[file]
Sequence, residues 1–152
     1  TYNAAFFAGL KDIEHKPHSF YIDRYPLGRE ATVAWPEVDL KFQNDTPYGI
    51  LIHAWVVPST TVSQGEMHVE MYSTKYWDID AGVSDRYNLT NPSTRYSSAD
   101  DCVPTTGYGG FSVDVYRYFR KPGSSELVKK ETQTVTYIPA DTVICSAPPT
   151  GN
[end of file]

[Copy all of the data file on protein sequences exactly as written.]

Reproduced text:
Sequence, residues 1–152
     1  TYNAAFFAGL KDIEHKPHSF YIDRYPLGRE ATVAWPEVDL KFQNDTPYGI
    51  LIHAWVVPST TVSQGEMHVE MYSTKYWDID AGVSDRYNLT NPSTRYSSAD
   101  DCVPTTGYGG FSVDVYRYFR KPGSSELVKK ETQTVTYIPA DTVICSAPPT
   151  GN